Rethinking the Security of Air Valves
Prior to cross connection and security issues, valve vaults were simply a part of the water distribution system that received little or no attention unless a problem occurred. With the advent of cross connection issues, an increasing number of municipalities became concerned with the potential for non-potable water entering a pipeline through vault-installed air valves. Often, the valve outlets were not piped, leaving them exposed to floodwater or other contaminates.
As a result, municipalities began to insist that all air valve outlets be piped above grade using a J pipe configuration; however, this proved to be impractical if not impossible in vaults below streets, etc., and also opened up the possibility of malicious tampering with the J pipe. Additionally, in cold climates the air valve outlet would be exposed to frigid temperatures, leading to freezing concerns.
Air valve concerns
Post September 11, 2001, water distribution systems were recognized as one of the nation’s most vulnerable infrastructure assets. Once again, air valve outlets were recognized as having the potential to allow the entry of contamination into a potable water system.
Air valves play an important role in the operation of distribution systems: Air release valves provide efficiency by preventing air pockets from developing at system highpoints, reducing capacity and increasing pressure loss; air/vacuum valves allow the system to discharge large volumes of air upon system start-up and admit air when necessary to prevent a vacuum from forming and creating a pressure surge. Reservoir vents also play an important role in the intake and exhaust of air from reservoirs as the water level inside rises and falls.
Efforts to make J pipe configurations more secure have been underway for some time now. Screens mounted at the end of the pipe, as well as in the pipe itself, are now in use. But J pipes still do not solve the problem of floodwater or intentional introduction of a contaminate that finds its way to an air valve outlet or reservoir vent.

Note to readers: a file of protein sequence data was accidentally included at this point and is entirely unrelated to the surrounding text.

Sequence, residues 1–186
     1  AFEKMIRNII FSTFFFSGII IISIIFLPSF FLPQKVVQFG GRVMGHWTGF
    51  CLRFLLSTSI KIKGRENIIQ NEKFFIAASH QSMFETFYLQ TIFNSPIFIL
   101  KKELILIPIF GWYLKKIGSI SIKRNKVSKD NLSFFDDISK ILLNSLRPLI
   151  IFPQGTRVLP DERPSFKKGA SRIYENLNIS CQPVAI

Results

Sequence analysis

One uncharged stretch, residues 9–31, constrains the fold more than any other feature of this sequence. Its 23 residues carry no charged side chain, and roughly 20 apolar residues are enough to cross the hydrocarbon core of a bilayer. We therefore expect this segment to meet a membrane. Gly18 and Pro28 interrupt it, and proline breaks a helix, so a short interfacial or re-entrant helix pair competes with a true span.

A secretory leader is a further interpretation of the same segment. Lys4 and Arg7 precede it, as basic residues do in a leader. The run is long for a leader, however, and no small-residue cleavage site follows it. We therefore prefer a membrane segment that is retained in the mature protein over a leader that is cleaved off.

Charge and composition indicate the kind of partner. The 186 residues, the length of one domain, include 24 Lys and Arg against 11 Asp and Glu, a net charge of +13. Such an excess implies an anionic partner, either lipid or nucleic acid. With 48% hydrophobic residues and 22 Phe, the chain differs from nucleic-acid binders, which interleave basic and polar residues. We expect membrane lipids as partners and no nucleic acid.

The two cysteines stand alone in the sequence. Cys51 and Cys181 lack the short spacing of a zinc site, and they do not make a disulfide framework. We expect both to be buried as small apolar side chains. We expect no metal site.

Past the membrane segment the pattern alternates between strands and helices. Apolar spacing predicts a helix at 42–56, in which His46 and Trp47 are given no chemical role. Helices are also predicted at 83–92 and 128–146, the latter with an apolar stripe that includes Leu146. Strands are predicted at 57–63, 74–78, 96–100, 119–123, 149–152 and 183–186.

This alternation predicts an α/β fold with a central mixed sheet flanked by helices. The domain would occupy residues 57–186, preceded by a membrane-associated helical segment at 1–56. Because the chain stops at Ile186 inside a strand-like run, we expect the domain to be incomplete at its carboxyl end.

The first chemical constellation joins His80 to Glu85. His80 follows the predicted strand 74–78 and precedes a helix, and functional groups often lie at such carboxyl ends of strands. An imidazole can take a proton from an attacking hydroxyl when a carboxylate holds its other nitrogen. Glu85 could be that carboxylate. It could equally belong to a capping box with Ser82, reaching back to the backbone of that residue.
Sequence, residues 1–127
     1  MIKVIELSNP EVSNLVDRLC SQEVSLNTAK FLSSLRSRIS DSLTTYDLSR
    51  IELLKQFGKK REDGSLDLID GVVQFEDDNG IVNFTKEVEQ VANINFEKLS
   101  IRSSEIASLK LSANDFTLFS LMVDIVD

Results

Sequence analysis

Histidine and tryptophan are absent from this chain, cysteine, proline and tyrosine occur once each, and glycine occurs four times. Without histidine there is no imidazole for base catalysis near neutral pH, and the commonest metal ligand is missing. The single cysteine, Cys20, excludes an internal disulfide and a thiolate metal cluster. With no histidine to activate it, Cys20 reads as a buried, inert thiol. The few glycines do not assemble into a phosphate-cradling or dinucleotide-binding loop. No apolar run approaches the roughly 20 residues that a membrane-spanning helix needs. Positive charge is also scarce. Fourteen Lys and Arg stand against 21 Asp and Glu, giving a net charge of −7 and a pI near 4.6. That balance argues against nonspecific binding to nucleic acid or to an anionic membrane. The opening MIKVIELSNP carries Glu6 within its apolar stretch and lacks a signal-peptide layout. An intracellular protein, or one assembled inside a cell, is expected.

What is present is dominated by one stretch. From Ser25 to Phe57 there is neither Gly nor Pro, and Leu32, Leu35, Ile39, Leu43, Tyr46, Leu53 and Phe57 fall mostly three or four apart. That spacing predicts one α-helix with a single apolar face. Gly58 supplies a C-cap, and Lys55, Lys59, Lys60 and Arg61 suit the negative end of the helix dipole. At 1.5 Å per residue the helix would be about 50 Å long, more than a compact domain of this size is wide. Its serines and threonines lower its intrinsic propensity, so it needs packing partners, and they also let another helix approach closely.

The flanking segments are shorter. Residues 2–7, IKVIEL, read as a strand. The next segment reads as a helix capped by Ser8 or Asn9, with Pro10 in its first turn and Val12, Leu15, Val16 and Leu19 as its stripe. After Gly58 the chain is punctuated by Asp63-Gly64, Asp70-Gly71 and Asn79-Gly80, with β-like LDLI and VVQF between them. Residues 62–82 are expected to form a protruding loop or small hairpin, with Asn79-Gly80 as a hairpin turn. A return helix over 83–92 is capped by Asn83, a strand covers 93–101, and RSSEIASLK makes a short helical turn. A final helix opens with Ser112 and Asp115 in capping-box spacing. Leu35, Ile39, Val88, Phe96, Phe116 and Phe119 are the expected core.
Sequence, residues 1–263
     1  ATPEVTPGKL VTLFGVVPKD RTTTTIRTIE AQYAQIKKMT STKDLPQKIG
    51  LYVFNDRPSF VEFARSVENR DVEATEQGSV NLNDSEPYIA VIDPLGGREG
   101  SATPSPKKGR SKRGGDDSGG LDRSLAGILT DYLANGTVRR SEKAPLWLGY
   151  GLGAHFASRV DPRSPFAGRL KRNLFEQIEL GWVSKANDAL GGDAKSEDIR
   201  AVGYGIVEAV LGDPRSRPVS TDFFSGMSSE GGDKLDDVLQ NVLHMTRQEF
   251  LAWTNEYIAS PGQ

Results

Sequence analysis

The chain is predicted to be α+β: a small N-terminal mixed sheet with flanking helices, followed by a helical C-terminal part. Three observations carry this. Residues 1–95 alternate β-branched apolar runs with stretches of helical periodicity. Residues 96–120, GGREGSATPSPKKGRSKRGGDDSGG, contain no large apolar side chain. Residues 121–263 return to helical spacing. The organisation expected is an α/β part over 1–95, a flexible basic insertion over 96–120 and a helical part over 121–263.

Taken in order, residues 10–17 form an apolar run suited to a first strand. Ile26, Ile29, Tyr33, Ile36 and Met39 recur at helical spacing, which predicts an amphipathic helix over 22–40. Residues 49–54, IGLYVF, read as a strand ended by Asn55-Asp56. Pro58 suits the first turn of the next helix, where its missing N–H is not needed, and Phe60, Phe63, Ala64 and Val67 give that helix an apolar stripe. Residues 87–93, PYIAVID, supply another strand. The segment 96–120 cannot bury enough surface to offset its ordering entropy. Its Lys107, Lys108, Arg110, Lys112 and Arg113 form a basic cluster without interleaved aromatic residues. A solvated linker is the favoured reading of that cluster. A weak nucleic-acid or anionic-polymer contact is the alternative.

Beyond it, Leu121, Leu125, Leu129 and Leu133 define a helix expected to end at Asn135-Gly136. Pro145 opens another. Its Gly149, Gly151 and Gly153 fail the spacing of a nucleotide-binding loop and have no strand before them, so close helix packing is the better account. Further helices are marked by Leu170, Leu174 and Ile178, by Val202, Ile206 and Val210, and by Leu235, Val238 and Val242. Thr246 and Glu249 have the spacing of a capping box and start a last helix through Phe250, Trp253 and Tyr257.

Cross contamination and security have brought about many new approaches to protecting our drinking water. One of these is the concept of inflow prevention.
Inflow prevention is defined as preventing contaminated water from entering a potable water pipeline or reservoir through an air valve or reservoir vent. It is very similar to backflow prevention in that it impedes contaminated water from compromising drinking water; however, most backflow prevention is conceived of as an inline device that reacts to pipeline pressure changes. The inflow prevention concept is conceived of as a way to stop contaminated water from reaching an air valve or vent outlet while allowing the valve or vent to perform its function. An inflow preventer is a device that prevents the admittance of contaminated water or other fluids into a potable water pipeline or reservoir. Inflow preventers are installed on the outlets of air valves and reservoir vents.
In addition to keeping contaminated water away from drinking water, backflow and inflow preventers share two other concepts: the need for inspection and testing in the field to ensure that the device is functioning properly, and the need for redundancy. The concept of inflow prevention provides for these capabilities. Standards currently under development will most likely include provisions for both annual inspection and field-testing.
By following the successful and proven path of the backflow community and including field inspection, field testing and operational redundancy inflow prevention is proving to be as essential as backflow prevention.
Inflow prevention is important because air valves and reservoir vents are vulnerable to cross connection as well as malicious tampering. There are two types of air valve vault installations, unpiped and piped above grade with a J pipe. Left unpiped, an air valve outlet is exposed to the atmosphere. If the vault floods and the air valve opens, contaminated floodwater will be drawn into the system. If piped above grade, the same will happen if the floodwater reaches the elevation of the top of the J pipe.
Worse can happen through malicious tampering. It is a simple matter to cut off the top of a J pipe or drill a hole into it with a portable drill. Once done, a corrosive liquid can be poured down the J pipe, destroying the valve and leading to flooding and contamination. Worse, a bio-toxin such as ricin or botulinum could be poured down the pipe with very serious public health consequences. Inflow preventers can substantially reduce these threats.